The U.S. Department of Commerce’s ruling Aug. 8 on Chinese aluminum foil wasn’t the only determination it announced that day.
On top of the foil ruling — in which the department ruled that Chinese foil imports benefited unfairly from government subsidies, and as a result could be subject to duties of up to 81% — the DOC also issued a preliminary countervailing duty determination regarding silicon imports from Australia, Brazil and Kazakhstan.
According to a DOC release, silicon exporters from Australia, Brazil and Kazakhstan benefited from countervailing subsides of 16.23%, 3.69 to 52.07%, and 120%, respectively.
“We will continue to review all information related to this preliminary determination,” Secretary of Commerce Wilbur Ross said in the release. “The Trump Administration remains vigilant against foreign actors that take advantage of American workers and businesses.”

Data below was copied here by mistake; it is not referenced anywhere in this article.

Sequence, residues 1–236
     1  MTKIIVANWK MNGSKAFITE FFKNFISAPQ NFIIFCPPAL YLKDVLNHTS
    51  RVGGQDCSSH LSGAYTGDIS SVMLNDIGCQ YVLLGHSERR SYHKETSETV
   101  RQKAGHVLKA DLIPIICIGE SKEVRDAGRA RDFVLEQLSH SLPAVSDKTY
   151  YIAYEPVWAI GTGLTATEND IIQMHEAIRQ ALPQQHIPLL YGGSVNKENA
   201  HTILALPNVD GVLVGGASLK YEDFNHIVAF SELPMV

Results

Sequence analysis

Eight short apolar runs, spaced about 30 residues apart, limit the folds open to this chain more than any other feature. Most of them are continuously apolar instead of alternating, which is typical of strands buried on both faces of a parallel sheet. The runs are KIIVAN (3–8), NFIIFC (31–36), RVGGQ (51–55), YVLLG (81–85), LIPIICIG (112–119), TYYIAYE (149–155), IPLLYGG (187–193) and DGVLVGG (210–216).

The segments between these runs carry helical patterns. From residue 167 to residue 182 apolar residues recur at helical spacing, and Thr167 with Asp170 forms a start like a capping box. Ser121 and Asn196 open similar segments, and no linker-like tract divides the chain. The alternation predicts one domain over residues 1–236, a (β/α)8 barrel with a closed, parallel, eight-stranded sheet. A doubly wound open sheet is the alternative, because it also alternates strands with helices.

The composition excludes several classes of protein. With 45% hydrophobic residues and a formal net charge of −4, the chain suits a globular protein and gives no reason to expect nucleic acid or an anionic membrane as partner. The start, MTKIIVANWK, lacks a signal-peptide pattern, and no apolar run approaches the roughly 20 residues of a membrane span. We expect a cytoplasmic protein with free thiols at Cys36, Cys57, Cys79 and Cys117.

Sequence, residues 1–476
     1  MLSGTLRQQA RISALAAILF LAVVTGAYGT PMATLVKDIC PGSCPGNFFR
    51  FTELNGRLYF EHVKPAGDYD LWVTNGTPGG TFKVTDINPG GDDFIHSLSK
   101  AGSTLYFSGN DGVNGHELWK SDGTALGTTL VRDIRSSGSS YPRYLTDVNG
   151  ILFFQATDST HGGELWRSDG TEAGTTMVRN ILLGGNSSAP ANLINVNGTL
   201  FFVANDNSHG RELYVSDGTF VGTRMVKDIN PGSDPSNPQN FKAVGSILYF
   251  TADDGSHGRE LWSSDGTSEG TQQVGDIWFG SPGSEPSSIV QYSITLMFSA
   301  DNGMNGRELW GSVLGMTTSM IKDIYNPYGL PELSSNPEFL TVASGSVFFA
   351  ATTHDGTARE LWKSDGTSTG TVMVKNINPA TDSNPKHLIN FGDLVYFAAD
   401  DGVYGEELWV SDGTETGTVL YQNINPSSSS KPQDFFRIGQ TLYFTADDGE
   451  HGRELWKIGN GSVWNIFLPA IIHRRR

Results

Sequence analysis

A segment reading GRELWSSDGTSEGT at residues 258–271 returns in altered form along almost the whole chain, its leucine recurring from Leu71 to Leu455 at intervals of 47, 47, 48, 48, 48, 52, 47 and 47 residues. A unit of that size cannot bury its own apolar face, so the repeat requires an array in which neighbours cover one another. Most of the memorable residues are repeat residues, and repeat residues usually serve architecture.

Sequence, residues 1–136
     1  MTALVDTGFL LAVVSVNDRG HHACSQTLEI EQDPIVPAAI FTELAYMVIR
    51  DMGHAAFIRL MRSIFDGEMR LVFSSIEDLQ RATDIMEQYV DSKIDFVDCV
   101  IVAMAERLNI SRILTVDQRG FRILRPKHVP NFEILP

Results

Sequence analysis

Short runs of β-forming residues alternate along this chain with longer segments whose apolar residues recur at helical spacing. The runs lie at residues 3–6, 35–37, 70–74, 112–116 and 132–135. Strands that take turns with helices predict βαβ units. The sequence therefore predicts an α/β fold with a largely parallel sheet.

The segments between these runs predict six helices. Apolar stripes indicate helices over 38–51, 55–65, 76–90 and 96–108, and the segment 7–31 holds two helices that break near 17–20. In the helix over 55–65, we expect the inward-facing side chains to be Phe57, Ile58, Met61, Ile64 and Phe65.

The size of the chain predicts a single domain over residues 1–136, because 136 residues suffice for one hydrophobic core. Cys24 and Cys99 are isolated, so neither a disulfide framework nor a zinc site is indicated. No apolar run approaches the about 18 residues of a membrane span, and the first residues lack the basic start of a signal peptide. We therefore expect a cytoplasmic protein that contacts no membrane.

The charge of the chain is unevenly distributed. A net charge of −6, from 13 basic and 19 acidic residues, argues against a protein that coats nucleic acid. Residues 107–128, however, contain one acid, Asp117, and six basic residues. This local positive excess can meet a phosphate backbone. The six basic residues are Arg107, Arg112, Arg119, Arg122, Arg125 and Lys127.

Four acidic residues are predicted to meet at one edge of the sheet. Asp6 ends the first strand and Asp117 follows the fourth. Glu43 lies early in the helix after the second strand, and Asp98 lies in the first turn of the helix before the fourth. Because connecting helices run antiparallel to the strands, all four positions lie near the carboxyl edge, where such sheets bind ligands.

Imports of silicon metal from Australia, Brazil, and Kazakhstan were valued at an estimated $33.9 million, $60.0 million, and $17.5 million, respectively, according to the DOC release.
The petitioner is Globe Specialty Metals, Inc., which has production facilities in Alabama, New York, Ohio, and West Virginia.
The DOC’s rulings on silicon and aluminum foil are representative of the Trump administration’s emphasis on antidumping and countervailing duty probes. According to the DOC release, the administration has launched 64 investigations between Jan. 20 and Aug. 8, marking a 40% increase from the same timeframe last year.
Last year, the U.S. collected $1.5 billion in duties on $14 billion of imported goods “found to be underpriced or subsidized by foreign governments,” according to the DOC announcement.